This series of stories is an impressive achievement.
The writing is sensitive, sometimes humorous, lively and peopled with vivid characters.
The title story, ‘Loving Imogen’ deals tastefully, but realistically, with a relationship of a contentious sort – a love affair between a young girl and an older man. Daniel, the melancholy protagonist of this story, is anything but the lecherous stereotype of the middle aged man who becomes involved with a young girl.
There seems to be an echo of ‘Cymbeline’ here – and I’ve only just picked that up! When I was reading it I thought, stupidly, ‘A main female character called ‘Imogen’ and a man who bases all his faith in human nature on her physical fidelity – what does that remind me of? And it took me this long to work it out…Quick on the uptake as ever!
This story depicts a true love relationship, which both the girl and the man know must end unhappily, but find impossible to resist. Daniel, when we first see him in the beginning of the story, is a bitter, lonely man who has been unable to surmount the devastation of his life by this all absorbing passion for the lovable and intelligent, but flawed Imogen.
When Imogen turned unexpectedly up in Daniels’ life twenty years back, along with her taciturn soul mate, her twin brother, who, isolated by his speech defect was soundlessly devoted to his sister, and the twins recounted to Daniel their story of their abuse at the hands of their previous guardians, he was outraged knowing he could never aim such hatred and bitterness at such innocents himself.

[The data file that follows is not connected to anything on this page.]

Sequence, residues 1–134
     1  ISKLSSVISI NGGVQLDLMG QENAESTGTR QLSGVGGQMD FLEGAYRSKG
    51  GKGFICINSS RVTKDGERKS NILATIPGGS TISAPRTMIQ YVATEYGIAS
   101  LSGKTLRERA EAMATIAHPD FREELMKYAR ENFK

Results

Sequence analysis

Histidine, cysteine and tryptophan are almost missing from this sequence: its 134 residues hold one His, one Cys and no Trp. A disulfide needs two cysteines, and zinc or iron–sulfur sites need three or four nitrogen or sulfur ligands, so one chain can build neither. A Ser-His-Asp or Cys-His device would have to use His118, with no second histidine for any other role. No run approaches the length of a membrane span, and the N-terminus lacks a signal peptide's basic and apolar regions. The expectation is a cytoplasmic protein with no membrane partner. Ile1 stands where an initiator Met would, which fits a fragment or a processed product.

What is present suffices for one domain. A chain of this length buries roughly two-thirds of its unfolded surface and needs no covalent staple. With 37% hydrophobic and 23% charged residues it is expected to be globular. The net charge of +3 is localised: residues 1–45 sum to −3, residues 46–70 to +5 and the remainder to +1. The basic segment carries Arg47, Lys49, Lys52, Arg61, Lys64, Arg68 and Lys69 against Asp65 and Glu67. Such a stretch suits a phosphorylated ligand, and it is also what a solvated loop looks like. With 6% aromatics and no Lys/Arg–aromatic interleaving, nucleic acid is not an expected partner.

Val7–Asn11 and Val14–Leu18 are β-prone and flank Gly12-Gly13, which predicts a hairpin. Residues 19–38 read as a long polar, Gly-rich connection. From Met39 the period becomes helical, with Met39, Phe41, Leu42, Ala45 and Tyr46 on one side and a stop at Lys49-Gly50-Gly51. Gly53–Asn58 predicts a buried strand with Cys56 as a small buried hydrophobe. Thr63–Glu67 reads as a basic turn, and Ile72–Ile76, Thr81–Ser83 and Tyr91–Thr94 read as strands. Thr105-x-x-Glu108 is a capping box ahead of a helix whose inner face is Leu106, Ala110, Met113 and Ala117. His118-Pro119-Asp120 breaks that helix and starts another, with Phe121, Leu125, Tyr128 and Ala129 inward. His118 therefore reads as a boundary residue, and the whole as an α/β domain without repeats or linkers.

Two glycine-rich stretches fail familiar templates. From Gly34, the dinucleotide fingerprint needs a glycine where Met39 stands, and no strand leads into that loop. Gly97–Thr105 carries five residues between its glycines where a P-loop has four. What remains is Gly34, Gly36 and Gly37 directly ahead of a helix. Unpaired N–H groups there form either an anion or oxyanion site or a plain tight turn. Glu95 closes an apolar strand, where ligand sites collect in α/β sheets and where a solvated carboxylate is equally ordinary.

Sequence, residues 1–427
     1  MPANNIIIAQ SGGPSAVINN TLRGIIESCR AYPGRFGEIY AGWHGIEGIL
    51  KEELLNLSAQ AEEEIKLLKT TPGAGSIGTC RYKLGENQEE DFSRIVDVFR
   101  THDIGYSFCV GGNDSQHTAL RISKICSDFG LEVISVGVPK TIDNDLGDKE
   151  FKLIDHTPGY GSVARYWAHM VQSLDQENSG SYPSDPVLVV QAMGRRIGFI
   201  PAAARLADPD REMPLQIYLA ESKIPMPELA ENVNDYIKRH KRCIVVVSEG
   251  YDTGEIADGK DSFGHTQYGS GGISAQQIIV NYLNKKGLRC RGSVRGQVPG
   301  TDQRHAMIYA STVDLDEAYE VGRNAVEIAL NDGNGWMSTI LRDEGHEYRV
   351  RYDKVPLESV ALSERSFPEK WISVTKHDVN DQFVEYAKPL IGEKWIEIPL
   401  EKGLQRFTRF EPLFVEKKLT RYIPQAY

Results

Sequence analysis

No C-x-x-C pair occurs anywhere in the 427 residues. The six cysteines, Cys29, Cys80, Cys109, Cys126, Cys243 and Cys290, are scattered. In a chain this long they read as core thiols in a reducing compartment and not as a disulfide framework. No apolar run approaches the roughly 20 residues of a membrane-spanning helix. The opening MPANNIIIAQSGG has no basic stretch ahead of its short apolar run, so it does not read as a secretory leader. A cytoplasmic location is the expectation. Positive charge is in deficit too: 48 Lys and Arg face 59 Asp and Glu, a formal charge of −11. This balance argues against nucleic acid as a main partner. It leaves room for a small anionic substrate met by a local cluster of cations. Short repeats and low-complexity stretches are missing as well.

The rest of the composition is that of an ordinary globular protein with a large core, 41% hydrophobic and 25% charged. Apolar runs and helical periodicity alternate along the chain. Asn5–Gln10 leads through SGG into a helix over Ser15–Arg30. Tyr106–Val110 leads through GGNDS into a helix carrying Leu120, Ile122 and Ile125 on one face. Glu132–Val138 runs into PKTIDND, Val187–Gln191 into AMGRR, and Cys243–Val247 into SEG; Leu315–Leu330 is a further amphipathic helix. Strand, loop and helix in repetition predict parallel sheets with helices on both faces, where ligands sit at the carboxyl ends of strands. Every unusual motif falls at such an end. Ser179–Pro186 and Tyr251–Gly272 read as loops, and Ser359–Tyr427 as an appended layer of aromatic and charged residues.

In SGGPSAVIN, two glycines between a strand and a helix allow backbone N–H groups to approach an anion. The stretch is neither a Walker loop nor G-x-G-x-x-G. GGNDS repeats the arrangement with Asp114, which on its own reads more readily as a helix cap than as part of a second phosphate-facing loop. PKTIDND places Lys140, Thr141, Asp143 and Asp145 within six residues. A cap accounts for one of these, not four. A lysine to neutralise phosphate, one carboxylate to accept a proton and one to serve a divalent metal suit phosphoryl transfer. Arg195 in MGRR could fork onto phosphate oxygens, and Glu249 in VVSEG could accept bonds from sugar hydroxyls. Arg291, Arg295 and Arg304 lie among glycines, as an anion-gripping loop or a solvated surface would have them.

Or could he?
‘Most people, Daniel thought: the innumerable hordes who managed expectations, shaped standards, and killed dreams. They seemed to embody everything that he had both yearned for and tried to escape from for his entire life. Had he ever been one of their number, really?’
‘The Song of the Sea’ is a short but fascinating exploration of an age old enemy of mankind, and its effect on the unlucky Jacob: –
‘Twenty years ago, as a young man sound of mind and strong of body, he went out to sea with his brother Isaac, and when he came back again, he was broken up, wild eyed, and deaf and dumb.’
This story touches obliquely on marine conservation issues, and I found myself asking all sorts of questions about it long after I had finished reading.
The third story had me mulling over questions long after I had finished reading it, as well. ‘Summer’ is a humorous study of repressed energy, of social and sexual frustration in the form of the Rectory ghost, who smashes things, plays malicious tricks and writes obscene abuse on walls.
Such goings on don’t fit in with a banker’s notion of reality at all: –
“‘Filthy, cowardly behaviour,” he (Peter) fumed, strutting up and down in front of the cold fireplace with a glass of scotch in his hand…’
But his overbearing ways won’t still the Rectory ghost…
‘Fragile Things’ is another short, but compelling story of another doomed love affair. It also depicts, as does ‘The Song of the Sea’ how a lurid episode lasting no more than minutes can completely change a life – or three…Here, the nature of the horror is prosaic and everyday, but the author’s delicate treatment of this triangle of characters is not: –
‘”People are fragile things’ ‘He (Shankley) once said, sucking on a cigarette. “Even the ones who don’t believe it, and act like they’re made of stone, like they don’t feel a thing. They’re fragile; they don’t last long, and they’re sad.”’
Full of the vivid word pictures that was one of the features that made her previous novel ‘The Quickening’ such a compelling read, Mari Biella has created a selection of fascinating and compelling stories in this selection.
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